Employers must provide a list of locally available SAPs to drivers who fail the DOT drug test. Beyond that, the employer has no obligation to pay for the employee to see an SAP.  

Here are the steps in the return-to-duty program. 

      1. Evaluation: The selected SAP evaluates the driver's situation to create an appropriate plan.  
      1. Treatment plan: SAPs prescribe a treatment plan, which the driver must complete fully. The plan could include education or treatment, either on an inpatient or outpatient basis. Drivers receive referrals from their SAPs for the appropriate services based on the treatment plan. 
      1. Evaluation: The SAP evaluates the driver again after the completion of the treatment plan to determine if it was successful. Even if the SAP clears the driver for safety-sensitive duties, you're not required to return them to those duties right away or ever. 
      1. Drug testing: Drivers must pass the DOT drug test via a directly observed test after completing the treatment plan and before returning to work. Controlled substances testing must come back negative, and alcohol test results need to show an alcohol concentration of less than 0.02. 
      1. Follow-up testing plan: The affected driver has to undergo at least six more tests over the following 12 months.  

SAPs communicate with the employer to keep them informed on the driver's progress. This includes providing documentation of the recommended treatment plan and letting them know of the driver's eligibility for return-to-duty drug testing. 

Both the SAP and the employer report the results to the DOT Drug and Alcohol Clearinghouse. When an employer receives word of negative return-to-duty test results, it has until the close of the third business day following that notification date to report it.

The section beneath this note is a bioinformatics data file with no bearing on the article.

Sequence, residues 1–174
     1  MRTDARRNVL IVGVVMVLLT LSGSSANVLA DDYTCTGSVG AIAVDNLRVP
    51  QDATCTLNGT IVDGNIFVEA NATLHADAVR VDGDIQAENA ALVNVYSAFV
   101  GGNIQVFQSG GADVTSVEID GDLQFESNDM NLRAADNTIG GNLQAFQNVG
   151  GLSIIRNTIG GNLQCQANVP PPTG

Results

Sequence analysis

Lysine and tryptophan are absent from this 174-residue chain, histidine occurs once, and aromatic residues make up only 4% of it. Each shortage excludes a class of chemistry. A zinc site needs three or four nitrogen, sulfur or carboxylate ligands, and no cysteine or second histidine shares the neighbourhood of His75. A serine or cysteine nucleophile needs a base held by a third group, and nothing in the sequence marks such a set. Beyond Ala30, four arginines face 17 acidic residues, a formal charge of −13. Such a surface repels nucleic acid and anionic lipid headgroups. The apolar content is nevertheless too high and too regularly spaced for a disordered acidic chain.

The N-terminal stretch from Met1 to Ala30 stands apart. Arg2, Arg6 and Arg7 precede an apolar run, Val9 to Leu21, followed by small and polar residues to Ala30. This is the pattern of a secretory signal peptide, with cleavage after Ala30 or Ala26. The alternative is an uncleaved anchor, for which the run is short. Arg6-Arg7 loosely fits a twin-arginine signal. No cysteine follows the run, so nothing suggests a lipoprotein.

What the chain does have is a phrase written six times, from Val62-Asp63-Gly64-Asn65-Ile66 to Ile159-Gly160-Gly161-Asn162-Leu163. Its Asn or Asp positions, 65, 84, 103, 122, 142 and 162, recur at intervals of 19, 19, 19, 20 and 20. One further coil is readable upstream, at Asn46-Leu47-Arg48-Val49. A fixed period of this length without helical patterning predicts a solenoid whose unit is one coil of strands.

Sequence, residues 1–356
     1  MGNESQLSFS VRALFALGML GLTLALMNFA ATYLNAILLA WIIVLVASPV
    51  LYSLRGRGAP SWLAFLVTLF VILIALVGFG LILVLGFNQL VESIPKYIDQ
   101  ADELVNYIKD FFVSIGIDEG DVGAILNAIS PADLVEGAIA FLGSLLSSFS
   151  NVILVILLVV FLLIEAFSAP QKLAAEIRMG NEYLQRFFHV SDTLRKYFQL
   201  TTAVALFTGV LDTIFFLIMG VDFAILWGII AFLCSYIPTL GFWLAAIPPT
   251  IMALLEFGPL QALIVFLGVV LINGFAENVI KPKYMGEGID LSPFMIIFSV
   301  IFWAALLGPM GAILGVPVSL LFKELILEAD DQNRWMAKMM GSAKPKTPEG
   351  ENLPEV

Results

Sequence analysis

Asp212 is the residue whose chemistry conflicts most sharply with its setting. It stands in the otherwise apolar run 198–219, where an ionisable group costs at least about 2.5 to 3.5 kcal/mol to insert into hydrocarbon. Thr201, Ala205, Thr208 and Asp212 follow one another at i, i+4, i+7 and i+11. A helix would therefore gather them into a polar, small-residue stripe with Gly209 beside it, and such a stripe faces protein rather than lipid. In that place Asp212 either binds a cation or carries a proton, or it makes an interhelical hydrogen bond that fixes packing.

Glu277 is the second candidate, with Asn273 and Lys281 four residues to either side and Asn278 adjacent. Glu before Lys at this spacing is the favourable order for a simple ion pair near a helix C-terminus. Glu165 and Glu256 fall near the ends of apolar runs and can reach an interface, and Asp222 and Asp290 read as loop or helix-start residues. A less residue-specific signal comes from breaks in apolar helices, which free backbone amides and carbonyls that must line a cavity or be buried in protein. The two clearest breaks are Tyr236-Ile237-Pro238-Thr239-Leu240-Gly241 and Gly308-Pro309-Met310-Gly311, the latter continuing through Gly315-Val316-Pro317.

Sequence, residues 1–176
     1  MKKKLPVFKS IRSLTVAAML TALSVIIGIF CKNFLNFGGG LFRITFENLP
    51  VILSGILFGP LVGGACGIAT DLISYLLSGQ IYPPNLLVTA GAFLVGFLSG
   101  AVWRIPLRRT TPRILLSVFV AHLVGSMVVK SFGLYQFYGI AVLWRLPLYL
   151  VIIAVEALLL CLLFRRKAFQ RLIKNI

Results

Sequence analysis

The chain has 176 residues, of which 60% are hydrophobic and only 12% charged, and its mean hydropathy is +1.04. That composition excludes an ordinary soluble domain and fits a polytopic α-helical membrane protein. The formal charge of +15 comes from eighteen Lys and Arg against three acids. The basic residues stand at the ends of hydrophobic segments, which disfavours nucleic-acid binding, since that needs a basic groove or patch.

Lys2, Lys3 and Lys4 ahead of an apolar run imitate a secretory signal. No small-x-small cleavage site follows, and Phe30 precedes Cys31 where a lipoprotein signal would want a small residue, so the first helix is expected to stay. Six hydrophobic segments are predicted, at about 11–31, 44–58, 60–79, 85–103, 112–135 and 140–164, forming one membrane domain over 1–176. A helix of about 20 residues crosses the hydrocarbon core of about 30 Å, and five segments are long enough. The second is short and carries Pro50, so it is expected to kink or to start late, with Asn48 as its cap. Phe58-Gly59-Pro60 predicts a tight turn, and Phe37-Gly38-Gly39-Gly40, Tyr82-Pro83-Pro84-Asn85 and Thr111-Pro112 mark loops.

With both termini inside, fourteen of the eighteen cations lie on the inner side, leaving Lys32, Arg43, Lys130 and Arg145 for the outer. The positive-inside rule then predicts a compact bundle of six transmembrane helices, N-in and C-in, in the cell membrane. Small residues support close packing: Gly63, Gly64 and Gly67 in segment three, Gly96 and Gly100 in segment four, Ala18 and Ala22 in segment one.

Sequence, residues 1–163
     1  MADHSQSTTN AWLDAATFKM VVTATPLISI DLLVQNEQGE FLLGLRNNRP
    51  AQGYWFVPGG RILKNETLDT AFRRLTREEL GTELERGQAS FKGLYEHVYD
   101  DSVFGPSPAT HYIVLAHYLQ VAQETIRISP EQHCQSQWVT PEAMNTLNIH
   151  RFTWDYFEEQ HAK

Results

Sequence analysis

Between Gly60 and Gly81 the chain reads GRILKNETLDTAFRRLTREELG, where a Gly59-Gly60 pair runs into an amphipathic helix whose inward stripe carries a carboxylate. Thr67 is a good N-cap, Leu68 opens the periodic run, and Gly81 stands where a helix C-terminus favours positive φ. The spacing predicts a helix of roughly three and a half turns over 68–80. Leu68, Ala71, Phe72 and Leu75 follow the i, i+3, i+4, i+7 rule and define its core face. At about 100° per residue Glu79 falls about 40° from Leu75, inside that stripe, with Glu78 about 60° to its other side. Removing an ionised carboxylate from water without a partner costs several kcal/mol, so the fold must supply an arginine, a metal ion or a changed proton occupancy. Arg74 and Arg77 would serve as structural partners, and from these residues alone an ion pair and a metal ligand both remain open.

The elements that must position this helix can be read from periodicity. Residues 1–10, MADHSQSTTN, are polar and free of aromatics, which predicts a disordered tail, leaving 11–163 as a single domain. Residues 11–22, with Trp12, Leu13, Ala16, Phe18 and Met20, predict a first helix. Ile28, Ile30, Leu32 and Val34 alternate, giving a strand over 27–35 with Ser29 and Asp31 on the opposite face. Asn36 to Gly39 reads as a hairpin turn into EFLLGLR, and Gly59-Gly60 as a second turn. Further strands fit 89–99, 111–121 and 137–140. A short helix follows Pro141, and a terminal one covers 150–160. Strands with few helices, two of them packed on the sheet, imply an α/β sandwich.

The SAP reports the date of the initial evaluation and the date of determination of eligibility to do return-to-duty testing. The actual treatment plan doesn't show up in the Clearinghouse.  


3. Failed Drug Test Goes on Driver's Record 

A driver's DOT drug testing history stays on their record and follows them to future employers. Any DOT-regulated agency can access the records in the Clearinghouse to see the previous positive test results.  

Employers must check the Clearinghouse before hiring a new driver. A failed test could impact future employment opportunities.  

Creating a record that all agencies can access helps prevent drivers from switching employers to avoid completing the return-to-work procedures. It's also a way to ensure the driver goes through the six or more follow-up drug tests.  

Failed drug tests stay on the Clearinghouse record for either: 

        • 5 years from the violation determination date, or 
        • Until successful completion of the return-to-duty process and follow-up testing 

The test falls off the record after whichever of these events happens last.  


Recommended Reading: Drug Screening 


Using Driver iQ for Your CDL Drug Screening Needs 

Failed drug tests have a lasting impact on your organization. Knowing how to deal with the situation when it happens helps you stay compliant and move the process along. 

Prescreening your drivers thoroughly can help you avoid this situation. It's also important to educate your drivers so they understand the DOT testing processes to minimize the potential for failed tests. 

Organizations should also have policies in place for handling failed drug tests. Because the DOT doesn't control employment decisions, it's beneficial to have procedures in place so drivers understand the full impact of their decisions. 

With Driver iQ on your side, you can reduce the risk as you assemble your fleet of drivers. Driver background screening gives you a clear picture of an applicant's track record, and drug screening can help avoid failed DOT tests. 

Speak to an expert to learn more about Driver iQ and how it can help you keep your trucks on the road. 

 Screen smarter, hire safer. Get the right talent to drive your success. Speak to an expert.